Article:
Zuo Zongtang

Zuo Zongtang

Infobox Governor
name = Zuo Zongtang
honorific-suffix =

imagesize = 200px
caption = Portrait of General Tso, by Piassetsky, 1875
order = Viceroy of Liangjiang
term_start = 1881
term_end = 1884
predecessor = Peng Yulin
successor = Yulu
birth_date = birth date|1812|11|10
birth_place = Xiangyin, Hunan
death_date = death date and age|1885|9|5|1812|11|10
death_place = Fuzhou, Fujian
occupation = Politician
spouse =

Zuǒ Zōngtáng, 1st Marquess Kejing of the Second Class (zh-t|t=左宗棠; Courtesy name: Jigao zh-t|t=季高) (November 10, 1812 - September 5, 1885), spelled Tso Tsung-t'ang in Wade-Giles and known simply as General Tso or General Tsuo to Western Europeans, was a Chinese statesman and military leader. He was born in Wenjialong, north of Changsha in Hunan province in the waning years of the Qing Dynasty. He served with distinction during China's most important (and the world's largest) civil war, the 14 year long Taiping Rebellion, in which it is estimated 20 million people died. The "Tso" in General Tso is sometimes misspelled "Cho" in English, probably due to Cantonese influence. The correct pronunciation of the name in Mandarin is IPA| [ʤuɔ ʤʊŋtʰɑŋ] .


Early career

Zuo's career got an inauspicious start when as a young man he failed the official court exams seven times (~1822-1835).

He decided to abandon his plans to become a civil servant and returned to his home by the River Hsiang in Hunan to farm silkworms, read and drink tea. It was during this period that he first directed his attention to the study of Western sciences and political economy.

Taiping Rebellion

When the Taiping Rebellion broke out in 1850, Zuo, then 38 years old, was hired as an advisor by the staff of the governor of Hunan. In 1856, he was formally offered a position in the provincial government of Hunan.

In 1860, Zuo was given command of a force of 5,000 volunteers (later known as "Chu Army"), and by September of that year he drove the Taiping rebels out of Hunan and Guangxi provinces, into coastal Zhejiang.

Zuo captured the city of Shaoxing, and from there pushed south into Fujian and Guangdong provinces, where the revolt had first begun. In 1863, Zuo was appointed Governor of Zhejiang and an Undersecretary of War.

In August 1864, Zuo, together with Zeng Guofan, dethroned the Taiping teenage king, Hong Tianguifu, and brought an end to the rebellion. He was created Earl Kejing of the 1st Class for his part in suppressing the rebellion. He, Zeng Guofan and Li Hongzhang were called "Zeng, Zuo, Li", the leaders in suppressing the rebellion.

In 1865, Zuo was appointed Viceroy and Governor-General of Fujian and Zhejiang. As Commissioner of Naval Industries, Zuo oversaw the erection of China's first modern shipyard and naval academy in Fuzhou the following year.

Success and appointments

Zuo's successes would continue. In 1867, he became Viceroy and Governor General of Shaanxi and Gansu and Imperial Commissioner of the Army in Shaanxi.

In these capacities, he succeeded in putting down another uprising, the Nian Rebellion (捻軍起義) in 1868.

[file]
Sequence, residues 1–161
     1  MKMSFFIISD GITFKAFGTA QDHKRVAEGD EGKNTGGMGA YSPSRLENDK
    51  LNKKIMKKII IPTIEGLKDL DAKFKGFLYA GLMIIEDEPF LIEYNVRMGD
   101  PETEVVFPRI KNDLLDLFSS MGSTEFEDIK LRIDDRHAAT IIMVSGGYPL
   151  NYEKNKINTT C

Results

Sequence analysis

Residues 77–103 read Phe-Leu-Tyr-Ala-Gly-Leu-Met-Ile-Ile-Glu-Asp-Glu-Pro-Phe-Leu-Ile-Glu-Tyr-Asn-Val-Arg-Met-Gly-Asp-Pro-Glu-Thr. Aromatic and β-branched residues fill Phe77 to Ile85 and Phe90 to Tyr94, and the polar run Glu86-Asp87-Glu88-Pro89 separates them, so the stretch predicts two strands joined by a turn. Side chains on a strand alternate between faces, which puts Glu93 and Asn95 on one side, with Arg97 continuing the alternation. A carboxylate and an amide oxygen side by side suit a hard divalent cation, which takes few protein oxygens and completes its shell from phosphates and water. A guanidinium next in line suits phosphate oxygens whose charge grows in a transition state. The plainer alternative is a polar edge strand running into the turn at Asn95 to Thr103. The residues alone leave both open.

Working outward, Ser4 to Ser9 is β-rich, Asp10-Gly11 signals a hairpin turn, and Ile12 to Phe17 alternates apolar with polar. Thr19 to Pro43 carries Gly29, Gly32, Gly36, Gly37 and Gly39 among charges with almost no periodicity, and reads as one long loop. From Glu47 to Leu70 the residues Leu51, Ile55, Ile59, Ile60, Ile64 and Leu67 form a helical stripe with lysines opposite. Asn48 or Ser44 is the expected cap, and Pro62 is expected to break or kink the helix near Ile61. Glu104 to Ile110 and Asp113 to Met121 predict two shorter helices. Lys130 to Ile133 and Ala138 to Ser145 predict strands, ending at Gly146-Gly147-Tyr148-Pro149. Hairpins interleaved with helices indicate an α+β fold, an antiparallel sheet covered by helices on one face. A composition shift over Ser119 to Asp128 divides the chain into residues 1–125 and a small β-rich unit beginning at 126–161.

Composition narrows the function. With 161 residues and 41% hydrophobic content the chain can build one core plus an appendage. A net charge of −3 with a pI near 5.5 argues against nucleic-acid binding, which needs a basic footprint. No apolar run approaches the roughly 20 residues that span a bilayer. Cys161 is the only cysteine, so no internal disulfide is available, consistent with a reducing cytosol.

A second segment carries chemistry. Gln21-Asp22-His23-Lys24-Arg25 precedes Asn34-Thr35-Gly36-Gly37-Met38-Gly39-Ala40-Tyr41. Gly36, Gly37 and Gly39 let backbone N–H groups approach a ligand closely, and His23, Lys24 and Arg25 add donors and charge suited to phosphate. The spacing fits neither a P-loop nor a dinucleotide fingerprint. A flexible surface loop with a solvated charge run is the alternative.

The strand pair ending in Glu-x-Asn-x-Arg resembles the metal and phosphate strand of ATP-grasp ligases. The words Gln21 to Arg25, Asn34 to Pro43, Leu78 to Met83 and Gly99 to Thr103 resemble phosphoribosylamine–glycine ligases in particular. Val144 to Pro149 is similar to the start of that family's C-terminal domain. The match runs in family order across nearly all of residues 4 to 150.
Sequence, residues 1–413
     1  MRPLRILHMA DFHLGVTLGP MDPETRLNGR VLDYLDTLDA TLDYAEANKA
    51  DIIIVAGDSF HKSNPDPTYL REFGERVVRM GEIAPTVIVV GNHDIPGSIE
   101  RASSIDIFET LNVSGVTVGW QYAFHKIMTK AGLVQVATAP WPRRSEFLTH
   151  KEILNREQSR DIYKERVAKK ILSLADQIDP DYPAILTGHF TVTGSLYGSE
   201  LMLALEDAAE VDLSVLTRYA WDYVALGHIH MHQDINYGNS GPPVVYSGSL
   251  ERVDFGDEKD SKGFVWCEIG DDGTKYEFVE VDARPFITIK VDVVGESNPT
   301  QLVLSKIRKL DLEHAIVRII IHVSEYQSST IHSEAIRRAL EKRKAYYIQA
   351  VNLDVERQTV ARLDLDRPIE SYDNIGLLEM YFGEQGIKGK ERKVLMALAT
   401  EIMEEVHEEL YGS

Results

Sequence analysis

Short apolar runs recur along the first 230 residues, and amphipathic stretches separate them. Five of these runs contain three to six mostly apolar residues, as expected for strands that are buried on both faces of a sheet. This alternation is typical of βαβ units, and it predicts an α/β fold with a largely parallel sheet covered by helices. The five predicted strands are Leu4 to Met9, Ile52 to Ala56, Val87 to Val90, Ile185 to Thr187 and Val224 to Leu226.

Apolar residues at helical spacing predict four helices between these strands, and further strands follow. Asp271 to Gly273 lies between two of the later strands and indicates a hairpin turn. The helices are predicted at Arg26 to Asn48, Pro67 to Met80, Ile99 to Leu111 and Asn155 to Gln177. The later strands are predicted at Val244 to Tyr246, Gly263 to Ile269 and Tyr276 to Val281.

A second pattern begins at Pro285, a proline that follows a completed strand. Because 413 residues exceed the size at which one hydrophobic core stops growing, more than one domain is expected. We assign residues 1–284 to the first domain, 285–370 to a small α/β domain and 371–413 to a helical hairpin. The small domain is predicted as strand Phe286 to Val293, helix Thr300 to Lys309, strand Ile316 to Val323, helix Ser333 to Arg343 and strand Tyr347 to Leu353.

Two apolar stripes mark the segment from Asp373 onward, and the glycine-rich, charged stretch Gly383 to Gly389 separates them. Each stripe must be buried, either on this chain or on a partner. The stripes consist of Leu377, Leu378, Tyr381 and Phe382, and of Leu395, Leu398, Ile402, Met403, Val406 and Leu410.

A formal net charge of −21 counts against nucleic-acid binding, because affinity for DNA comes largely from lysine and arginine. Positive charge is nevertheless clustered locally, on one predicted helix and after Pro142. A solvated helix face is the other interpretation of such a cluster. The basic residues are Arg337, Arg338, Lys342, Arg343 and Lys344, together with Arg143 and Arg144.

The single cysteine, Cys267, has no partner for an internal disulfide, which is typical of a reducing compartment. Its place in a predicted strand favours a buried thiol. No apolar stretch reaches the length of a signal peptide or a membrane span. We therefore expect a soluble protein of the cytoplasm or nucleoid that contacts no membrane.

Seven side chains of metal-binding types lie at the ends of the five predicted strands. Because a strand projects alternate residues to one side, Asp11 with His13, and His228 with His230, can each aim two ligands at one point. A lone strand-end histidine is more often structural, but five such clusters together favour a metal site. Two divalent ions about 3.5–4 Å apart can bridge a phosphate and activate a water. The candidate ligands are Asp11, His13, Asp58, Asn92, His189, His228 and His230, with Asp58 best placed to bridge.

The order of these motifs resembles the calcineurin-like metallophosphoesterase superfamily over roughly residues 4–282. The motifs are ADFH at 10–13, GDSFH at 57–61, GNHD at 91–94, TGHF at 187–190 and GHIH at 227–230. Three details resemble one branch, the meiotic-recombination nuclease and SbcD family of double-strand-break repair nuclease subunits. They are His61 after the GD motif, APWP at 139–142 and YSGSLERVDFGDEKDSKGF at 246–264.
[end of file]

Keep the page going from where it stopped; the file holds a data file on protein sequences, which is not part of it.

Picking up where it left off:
After this military success, he marched west with his 120,000 strong army, winning many victories against the rebellious Muslims of Northwestern China including today's Shaanxi, Ningxia, Gansu and Qinghai provinces and Chinese Turkestan in the 1870s.

In 1878, he successfully suppressed the Yakub Beg's uprising in Xinjiang and helped to negotiate an end to Russian occupation of the border city of Ili.

For all his contributions to his nation and monarch, Zuo was appointed a Grand Secretary to the Grand Secretariat in 1874 and elevated to a Marquessate in 1878.

Later life and death

Now in his seventies, Zuo was appointed to the Grand Council, the cabinet of the Qing Empire at the time, in 1880. Uneasy with bureaucratic politics, Zuo asked to be relieved of his duties and was appointed Viceroy of Liangjiang in 1881. In 1884, upon the outbreak of the Sino-French War, Zuo received his fourth and last commission as commander-in-chief and Imperial Commissioner of the Army and Inspector General overseeing coastal defense in Fujian. He died shortly after a truce was signed between the two nations, in Fuzhou (Foo-chow), 1885.

General Tso's chicken

General Tso's chicken is a sweet and spicy deep-fried Hunan Chinese dish that is popularly served in American and Canadian Chinese restaurants. The origins of the dish are unclear. The dish was previously largely unknown in China and other lands home to the Chinese diaspora.Citation | last = Dunlop | first = Fuchsia | title = Hunan Resources | newspaper = The New York Times Magazine | pages = Section 6, Page 75 | date = February 4, 2007 | url = http://www.nytimes.com/2007/02/04/magazine/04food.t.html | accessdate = 2007-04-24 ] One theory is that the dish was a classic specialty from Hunan province, invented by Zuo's wife and served for him and his officers upon every military victory, although this theory is generally considered to be apocryphal.cite web | last = Lukacs | first = Paul | title = Wine With... Chinese Take-Out (General Tso's Chicken) | publisher = Wine Review Online | date = March 6, 2007 | url=http://www.winereviewonline.com/wine_with_chinese_take_out.cfm | accessdate = 2007-04-24 ] In reality, Zuo is unlikely to have ever tasted the dish.Citation | last = Browning | first = Michael | title = Who Was General Tso And Why Are We Eating His Chicken? | newspaper = The Washington Post | date = April 17, 2002 | url = http://www.washingtonpost.com/ac2/wp-dyn/A59302-2002Apr16 | access-date = 2007-02-24 ]



*Hsü, Immanuel C. Y. "The Ili Crisis: A Study of Sino-Russian Diplomacy, 1871-1881." Oxford: Clarendon Press, 1965.
*Hummel, Arthur William, ed. "Eminent Chinese of the Ch'ing Period (1644-1912)." 2 vols. Washington: United States Government Printing Office, 1943.

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